Domenicali reveals changes at Maranello


Determined to have a title contender straight out of the box, Ferrari team boss Stefano Domenicali has announced a number of changes at Maranello. Light at the end of the (wind) tunnel, so to speak.

"For a few months now, we have been working on a programme of reorganization along with the introduction of new methodologies, especially concerning the wind tunnel," the Italian told the media. "As you know, we are rebuilding the Maranello facility which will be closed until August. Until then, we will use the Toyota wind tunnel in Cologne. We have also adopted a better method of splitting up the work between those who run the wind tunnel and those who should concentrate more on the creative side of the job.

"This year, we saw that when we do too many things at the same time, maybe we are not efficient enough," he continued. "As regards the design, we have decided, particularly in light of the unusual demands we will face in 2013, when we will have a completely new project to work on for the future, to have two coordinators: Simone Resta, an engineer who has developed his career in Maranello and is very effective, will work on the 2013 car and Fabio Montecchi, will deal with the one for the following year. Nikolas Tombazis continues as Chief Designer. We must also apply in other areas what we have done at the track, for example in production: as was confirmed by some new arrivals from outside the company, in our "time to market," by which is meant the time from conception to producing the parts and in our long term research.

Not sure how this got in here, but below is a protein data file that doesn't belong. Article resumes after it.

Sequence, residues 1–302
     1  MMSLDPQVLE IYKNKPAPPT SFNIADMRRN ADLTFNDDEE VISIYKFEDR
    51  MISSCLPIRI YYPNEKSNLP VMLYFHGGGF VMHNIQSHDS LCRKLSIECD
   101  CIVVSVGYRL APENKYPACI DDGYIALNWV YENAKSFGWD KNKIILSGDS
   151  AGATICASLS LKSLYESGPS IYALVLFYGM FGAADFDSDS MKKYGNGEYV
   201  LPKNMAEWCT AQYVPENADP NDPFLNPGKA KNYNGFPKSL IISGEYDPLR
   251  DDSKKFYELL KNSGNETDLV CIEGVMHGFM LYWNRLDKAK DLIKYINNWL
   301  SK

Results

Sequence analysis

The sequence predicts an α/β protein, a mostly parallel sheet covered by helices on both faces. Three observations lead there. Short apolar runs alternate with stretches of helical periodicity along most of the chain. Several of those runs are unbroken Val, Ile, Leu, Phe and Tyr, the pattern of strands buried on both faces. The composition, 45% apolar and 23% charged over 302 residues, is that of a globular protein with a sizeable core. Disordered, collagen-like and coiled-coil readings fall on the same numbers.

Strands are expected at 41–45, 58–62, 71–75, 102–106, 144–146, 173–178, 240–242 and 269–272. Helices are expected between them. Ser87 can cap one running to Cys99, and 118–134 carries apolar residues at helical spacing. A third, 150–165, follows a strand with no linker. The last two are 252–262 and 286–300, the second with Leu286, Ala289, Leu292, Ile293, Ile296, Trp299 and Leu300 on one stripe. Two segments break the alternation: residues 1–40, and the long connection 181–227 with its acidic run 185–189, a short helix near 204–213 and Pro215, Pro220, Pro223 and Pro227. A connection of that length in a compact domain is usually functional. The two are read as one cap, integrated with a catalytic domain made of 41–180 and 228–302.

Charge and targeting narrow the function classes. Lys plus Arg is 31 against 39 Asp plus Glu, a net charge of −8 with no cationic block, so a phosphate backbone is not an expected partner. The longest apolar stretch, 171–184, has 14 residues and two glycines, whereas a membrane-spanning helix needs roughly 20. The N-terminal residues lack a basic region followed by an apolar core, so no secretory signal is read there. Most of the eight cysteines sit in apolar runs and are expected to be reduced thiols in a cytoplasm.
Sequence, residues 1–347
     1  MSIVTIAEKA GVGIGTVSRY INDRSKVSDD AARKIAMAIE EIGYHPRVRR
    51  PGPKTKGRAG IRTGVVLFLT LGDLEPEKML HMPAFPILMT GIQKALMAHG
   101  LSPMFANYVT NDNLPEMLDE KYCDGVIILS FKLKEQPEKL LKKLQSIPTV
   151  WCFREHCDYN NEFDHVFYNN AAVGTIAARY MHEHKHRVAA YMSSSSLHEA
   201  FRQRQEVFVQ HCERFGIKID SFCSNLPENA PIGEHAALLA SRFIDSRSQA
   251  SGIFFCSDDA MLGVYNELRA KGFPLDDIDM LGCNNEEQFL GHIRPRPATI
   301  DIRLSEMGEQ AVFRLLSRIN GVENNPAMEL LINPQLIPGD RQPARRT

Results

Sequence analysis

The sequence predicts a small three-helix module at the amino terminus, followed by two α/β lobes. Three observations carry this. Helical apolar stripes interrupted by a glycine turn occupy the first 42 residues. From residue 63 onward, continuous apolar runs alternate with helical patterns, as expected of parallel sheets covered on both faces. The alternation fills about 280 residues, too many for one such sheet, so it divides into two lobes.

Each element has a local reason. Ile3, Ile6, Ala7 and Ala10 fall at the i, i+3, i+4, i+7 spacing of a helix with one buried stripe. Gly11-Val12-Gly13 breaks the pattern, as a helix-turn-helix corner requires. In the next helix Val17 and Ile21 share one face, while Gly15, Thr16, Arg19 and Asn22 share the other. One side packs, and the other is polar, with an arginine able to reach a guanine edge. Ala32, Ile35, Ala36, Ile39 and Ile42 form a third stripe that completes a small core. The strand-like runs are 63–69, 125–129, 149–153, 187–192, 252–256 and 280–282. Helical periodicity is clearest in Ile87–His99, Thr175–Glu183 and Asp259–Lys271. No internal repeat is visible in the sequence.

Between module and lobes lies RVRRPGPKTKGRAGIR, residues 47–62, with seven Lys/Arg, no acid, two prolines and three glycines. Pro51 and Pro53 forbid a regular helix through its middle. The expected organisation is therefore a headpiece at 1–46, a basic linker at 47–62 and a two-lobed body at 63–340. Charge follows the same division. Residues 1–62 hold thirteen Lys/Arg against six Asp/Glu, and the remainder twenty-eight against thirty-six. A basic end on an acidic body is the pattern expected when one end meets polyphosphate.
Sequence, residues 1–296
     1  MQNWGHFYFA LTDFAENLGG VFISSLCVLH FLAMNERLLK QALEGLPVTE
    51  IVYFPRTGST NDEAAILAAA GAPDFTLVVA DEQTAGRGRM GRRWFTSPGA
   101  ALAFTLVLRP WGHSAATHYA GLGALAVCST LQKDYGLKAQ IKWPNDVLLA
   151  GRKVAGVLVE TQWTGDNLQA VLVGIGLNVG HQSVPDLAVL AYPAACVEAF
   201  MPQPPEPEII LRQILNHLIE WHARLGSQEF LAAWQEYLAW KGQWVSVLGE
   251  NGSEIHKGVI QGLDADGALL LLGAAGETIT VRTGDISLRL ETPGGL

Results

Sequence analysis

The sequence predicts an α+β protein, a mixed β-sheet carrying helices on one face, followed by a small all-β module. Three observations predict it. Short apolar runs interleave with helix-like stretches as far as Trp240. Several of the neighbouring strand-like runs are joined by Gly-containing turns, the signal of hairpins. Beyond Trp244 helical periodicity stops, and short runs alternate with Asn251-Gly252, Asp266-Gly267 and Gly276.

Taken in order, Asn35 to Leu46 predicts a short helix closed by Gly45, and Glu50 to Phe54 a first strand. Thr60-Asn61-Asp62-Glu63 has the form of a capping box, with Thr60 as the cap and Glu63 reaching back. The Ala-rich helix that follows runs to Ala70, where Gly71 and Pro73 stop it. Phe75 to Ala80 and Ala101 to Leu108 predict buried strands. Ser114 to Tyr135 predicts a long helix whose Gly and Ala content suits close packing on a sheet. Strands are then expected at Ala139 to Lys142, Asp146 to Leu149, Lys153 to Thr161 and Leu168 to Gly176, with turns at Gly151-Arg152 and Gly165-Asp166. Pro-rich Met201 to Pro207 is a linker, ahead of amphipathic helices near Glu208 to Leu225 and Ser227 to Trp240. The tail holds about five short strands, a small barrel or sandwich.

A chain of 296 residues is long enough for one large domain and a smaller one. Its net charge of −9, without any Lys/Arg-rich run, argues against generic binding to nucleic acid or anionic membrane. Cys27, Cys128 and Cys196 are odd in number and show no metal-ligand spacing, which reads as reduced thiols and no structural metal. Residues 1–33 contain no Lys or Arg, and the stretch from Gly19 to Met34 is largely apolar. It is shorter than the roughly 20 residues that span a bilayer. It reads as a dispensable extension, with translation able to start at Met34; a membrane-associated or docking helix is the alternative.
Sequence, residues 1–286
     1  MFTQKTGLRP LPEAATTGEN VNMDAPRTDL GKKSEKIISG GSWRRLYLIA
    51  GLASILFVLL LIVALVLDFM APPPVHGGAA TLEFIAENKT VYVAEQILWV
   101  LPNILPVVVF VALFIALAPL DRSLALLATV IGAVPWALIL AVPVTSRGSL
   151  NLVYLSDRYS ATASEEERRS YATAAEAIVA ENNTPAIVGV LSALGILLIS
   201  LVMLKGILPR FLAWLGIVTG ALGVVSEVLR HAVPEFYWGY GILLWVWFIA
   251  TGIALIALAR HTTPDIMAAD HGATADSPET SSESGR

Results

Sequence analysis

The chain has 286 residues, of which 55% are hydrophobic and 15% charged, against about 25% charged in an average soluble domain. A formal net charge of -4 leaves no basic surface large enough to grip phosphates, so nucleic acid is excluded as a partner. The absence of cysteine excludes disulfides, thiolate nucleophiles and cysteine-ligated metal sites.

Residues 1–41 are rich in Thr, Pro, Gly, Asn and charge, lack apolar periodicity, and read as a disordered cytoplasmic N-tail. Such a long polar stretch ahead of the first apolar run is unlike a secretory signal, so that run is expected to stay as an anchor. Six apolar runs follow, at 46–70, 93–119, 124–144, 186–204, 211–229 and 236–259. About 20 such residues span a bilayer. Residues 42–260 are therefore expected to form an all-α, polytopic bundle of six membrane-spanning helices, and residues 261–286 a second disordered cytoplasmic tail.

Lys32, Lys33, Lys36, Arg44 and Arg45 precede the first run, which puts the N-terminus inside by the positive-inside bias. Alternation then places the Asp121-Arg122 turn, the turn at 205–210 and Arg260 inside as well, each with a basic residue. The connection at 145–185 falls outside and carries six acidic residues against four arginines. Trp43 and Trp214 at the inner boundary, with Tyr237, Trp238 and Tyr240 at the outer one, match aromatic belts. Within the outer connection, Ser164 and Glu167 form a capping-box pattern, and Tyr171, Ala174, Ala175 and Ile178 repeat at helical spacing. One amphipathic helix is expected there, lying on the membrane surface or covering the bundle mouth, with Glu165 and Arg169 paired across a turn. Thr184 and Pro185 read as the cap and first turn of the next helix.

"We are well aware that we must start off with a more competitive car, as our President has demanded," he continued. "Clearly we have only been concentrating all our efforts on the new one from a few weeks before the final race, given we pushed right to the end on this year's. The 2013 car will be launched at the very end of January or the early days of February: as usual, the first one will be just a launch version, while the complete one will be seen in the final days of testing or in Australia, so as to make the most of all the time available.

"We will need to try and push the technical regulations to the very limit, while maintaining our strong points from this year, or improving them still further, because the others will not be twiddling their thumbs, but not by almost brushing against illegality, as happened in 2009 with the double diffuser. However we need to adopt a different, more creative approach."

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Published: 21/12/2012
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